President Ferdinand R. Marcos Jr. and Lao People’s Democratic Republic Ambassador to the Philippines Sonexay Vannaxay agreed to strengthen Manila and Vientiane’s ties in a wide range of areas, particularly agriculture and people-to-people exchange.
This comes after Vannaxay presented his credentials to the chief executive in Malacañan on Monday.
“It is time to explore our relationship between Lao PDR and the Philippines. I think it’s time to explore a stronger bilateral relationship. Since we are from the same region, there are many areas of which we have the same interests and the same difficulties, and the challenges we face,” the President said.
“Agriculture in the Philippines has become a very high priority for this government. And so if there is anything that we could collaborate and cooperate, it’s that,” Marcos pointed out.
For his part, Vannaxay lauded Manila and Vientiane’s “good relations in diplomatic and political affairs.”
“Since the establishment of our diplomatic ties over six decades, our two countries have maintained good relations in diplomatic and political affairs, as well as supporting each other in regional and international fora,” the envoy told President Marcos.
The envoy also sought the Philippines’ assistance in the health sector, particularly in the training of nursing professionals.
“I would like to take this opportunity to express our sincere gratitude to the Philippines for helping us in many areas… Help us in training the sectors of diplomat, as well as nursing and health areas,” the Lao ambassador said.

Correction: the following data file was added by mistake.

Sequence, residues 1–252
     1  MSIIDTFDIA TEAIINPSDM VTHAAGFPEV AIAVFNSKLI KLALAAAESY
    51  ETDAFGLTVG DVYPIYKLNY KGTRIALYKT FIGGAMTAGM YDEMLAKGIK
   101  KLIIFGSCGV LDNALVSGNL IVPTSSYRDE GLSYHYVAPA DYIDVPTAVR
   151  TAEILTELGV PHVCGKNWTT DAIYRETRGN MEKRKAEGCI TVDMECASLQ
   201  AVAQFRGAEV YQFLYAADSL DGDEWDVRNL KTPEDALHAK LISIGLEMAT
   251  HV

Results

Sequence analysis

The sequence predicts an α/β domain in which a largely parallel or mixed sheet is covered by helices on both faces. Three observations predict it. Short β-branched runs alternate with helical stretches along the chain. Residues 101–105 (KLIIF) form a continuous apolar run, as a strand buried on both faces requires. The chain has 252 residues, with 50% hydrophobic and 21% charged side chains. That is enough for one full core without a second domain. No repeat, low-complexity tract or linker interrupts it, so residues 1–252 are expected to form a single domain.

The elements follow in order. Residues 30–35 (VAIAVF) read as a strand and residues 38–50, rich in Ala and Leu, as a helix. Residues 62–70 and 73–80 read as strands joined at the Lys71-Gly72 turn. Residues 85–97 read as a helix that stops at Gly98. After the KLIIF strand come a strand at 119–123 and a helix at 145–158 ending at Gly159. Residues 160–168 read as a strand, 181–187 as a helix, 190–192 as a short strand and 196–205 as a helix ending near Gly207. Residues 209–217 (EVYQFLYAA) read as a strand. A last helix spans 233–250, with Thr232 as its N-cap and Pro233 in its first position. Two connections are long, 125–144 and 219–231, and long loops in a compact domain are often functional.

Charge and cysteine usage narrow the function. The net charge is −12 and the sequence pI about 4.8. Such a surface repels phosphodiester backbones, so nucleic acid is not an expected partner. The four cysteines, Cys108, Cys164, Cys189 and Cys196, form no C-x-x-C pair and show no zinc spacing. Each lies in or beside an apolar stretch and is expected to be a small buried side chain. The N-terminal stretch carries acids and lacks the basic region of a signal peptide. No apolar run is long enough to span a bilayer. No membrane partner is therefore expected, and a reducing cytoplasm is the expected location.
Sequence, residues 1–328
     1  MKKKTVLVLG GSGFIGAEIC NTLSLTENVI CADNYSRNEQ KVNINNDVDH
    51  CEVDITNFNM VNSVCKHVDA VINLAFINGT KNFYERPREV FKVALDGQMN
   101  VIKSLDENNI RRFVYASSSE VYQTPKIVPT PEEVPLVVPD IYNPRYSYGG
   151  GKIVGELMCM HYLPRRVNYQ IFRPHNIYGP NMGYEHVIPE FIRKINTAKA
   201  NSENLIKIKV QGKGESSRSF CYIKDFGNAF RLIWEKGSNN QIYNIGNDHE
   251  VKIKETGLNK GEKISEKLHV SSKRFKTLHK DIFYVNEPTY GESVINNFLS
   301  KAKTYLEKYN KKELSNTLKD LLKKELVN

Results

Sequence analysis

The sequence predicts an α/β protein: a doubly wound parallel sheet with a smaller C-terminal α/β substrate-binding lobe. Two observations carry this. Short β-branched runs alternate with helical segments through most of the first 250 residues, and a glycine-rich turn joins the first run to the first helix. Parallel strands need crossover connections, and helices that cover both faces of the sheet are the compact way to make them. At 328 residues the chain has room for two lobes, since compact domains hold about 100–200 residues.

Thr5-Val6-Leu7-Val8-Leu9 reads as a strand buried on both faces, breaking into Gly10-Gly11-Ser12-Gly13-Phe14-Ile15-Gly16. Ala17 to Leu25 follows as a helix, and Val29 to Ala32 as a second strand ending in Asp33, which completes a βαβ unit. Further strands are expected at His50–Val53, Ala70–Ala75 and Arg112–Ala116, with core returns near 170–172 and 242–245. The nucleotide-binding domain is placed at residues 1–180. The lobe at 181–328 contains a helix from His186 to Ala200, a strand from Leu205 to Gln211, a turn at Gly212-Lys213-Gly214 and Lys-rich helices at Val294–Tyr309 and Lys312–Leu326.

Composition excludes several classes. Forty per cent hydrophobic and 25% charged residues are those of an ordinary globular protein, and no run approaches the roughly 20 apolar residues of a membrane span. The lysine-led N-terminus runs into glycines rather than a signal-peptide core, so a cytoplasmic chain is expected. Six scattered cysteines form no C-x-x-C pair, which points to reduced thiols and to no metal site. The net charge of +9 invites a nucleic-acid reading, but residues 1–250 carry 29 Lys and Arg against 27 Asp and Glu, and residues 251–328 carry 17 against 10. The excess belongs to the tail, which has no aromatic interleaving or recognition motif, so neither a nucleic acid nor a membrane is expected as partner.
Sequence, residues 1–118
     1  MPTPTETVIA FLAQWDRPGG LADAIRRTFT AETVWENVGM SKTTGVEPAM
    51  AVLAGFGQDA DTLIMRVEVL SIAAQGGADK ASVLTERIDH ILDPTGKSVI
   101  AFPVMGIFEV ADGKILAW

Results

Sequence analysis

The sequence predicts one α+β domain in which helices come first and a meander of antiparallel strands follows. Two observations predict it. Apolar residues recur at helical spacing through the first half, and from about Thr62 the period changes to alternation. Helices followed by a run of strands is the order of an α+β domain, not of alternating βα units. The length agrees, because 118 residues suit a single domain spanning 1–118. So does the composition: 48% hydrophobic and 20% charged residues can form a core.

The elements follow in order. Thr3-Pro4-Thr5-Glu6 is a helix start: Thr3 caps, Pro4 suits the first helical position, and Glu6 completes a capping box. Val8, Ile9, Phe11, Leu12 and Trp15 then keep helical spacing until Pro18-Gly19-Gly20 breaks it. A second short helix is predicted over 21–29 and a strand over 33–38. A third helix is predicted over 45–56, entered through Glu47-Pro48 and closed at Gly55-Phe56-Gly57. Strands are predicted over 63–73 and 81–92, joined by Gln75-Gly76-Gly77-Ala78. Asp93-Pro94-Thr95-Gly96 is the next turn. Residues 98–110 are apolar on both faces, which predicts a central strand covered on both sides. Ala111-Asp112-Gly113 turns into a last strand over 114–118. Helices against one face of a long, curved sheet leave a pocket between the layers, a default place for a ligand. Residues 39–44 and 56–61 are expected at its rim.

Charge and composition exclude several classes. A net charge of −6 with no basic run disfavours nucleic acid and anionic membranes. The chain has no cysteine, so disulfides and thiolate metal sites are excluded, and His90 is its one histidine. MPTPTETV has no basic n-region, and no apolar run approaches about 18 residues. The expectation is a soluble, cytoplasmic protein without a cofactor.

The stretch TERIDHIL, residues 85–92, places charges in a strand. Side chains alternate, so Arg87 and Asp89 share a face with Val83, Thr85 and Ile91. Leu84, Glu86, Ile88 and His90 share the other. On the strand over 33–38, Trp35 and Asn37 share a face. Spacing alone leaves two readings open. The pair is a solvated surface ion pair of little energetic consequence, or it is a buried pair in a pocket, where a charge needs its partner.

People-to-people ties also took center stage in the discussion, with the two leaders expressing assurance in harnessing the full potential of the two countries’ relations.
“That is a good start. I think if there is exposure, especially to younger people, then it’s a way to introducing the Philippines also, so that will make our people-to-people exchange grow,” President Marcos said.
The chief executive also noted his recent visit to the International Rice Research Institute (IRRI) in Los Baños, Laguna, where he vowed to elevate the current condition of the rice industry and push for sustainable rice value chains.
Through the IRRI, the world’s premier research organization dedicated to reducing poverty and hunger through rice science, the Philippines has helped its neighbors in scaling up rice production efforts and the transfer of technology, according to the President.
“We can start the agricultural exchanges in the exchange of technology, transfer of technology. And perhaps from there, we can do more,” Marcos told the ambassador.
The President also cited the great potential and a promising future for the Philippines and Lao PDR in terms of trade.
“We have already passed the trade levels during the pre-pandemic [period]. So we are doing more trade now than we were in 2019. So I think that’s a healthy sign that now we are back and we can continue to grow the trade relations. It seems natural because we are such close neighbors,” the President said.